October 2, 2012
MEGAN MCARDLE ON BUSINESS EXPERIENCE: It’s Not Crazy To Worry That Obama Hasn’t Got It. “Why are filthy-rich hedge fund managers, so enamored of Obama in the 2008 race, turning on him now? I endorse the rhetorical explanation: Barack Obama has made a habit of bashing financial types and rich people. Bankers and rich people, being people, do not like being treated as villains in Obama’s campaign set pieces. So they are naturally disinclined to support him. I am shocked at how many New Yorkers I had thought to be rock-ribbed Democrats are attending Romney fundraisers. Not a huge number, mind you; it’s not like they’re going to tip New York from blue to red. But if any New Yorkers of my acquaintance were attending GOP fundraisers in the past, they certainly weren’t admitting it in public, unless they already worked for National Review. So it does seem like a real change . . . and what they say when I ask them is that, well, they don’t like being treated as villains in Obama’s campaign set pieces. Felix Salmon, however, offers a different view. . . . Of course, we’ve had many good presidents with no business experience. But Obama’s whole administration tends to be light on people from outside the academia–NGO–government triangle. It’s something that’s increasingly true of Washington in general–and, I think, increasingly problematic. . . . The increasingly mandarin elite, hygienically removed from the grubby business of scrounging for customers, frequently seems to have no idea at all what goes on in companies. . . . The purpose of an elite education, the thinking goes, is to equip you to design and run the system by which 300 million Americans live together–and to ensure that you never, ever have to actually interact with the 280 million who did not graduate from an elite academic program.”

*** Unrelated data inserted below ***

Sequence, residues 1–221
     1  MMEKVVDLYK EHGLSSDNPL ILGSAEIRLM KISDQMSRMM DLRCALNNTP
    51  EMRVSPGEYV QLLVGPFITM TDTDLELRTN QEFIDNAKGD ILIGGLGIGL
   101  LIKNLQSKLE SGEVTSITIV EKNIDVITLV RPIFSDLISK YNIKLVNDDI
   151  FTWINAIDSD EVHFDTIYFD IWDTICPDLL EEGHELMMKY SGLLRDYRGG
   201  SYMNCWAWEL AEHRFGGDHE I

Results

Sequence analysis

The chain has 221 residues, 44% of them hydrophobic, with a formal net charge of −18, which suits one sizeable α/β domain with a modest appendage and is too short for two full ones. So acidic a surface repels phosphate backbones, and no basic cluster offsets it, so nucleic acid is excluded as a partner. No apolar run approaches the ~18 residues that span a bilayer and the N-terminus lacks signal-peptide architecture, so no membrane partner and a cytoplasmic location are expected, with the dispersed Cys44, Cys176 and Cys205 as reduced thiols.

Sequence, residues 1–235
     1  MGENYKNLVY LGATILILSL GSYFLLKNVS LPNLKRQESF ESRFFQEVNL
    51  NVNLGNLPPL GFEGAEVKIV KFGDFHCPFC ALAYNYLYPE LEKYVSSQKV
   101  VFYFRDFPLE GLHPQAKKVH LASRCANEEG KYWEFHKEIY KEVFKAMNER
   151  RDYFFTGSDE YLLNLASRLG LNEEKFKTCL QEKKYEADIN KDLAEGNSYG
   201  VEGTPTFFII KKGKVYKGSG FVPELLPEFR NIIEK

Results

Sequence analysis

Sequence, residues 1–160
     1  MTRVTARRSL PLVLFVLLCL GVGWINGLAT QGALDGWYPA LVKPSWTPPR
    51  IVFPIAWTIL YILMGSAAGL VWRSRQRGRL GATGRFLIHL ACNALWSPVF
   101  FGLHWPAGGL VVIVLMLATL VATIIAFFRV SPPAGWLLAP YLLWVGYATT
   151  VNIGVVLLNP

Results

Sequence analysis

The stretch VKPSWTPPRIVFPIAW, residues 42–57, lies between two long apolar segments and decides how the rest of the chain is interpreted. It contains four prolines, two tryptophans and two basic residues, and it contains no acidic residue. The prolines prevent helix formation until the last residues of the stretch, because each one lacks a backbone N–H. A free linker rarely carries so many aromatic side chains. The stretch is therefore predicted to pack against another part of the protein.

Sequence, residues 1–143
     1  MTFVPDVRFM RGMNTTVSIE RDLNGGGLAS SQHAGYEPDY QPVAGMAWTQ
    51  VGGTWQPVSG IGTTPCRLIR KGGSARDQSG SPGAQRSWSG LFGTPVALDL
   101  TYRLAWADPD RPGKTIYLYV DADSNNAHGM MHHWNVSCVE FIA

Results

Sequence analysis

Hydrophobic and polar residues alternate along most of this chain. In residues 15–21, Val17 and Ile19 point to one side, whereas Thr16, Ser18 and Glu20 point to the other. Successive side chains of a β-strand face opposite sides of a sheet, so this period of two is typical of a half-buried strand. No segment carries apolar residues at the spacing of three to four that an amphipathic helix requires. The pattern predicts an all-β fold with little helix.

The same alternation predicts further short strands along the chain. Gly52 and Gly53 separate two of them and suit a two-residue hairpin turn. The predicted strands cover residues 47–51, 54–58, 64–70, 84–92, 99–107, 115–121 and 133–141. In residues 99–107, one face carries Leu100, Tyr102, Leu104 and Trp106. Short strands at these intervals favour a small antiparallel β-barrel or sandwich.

As usual, it all comes down to oikophobia.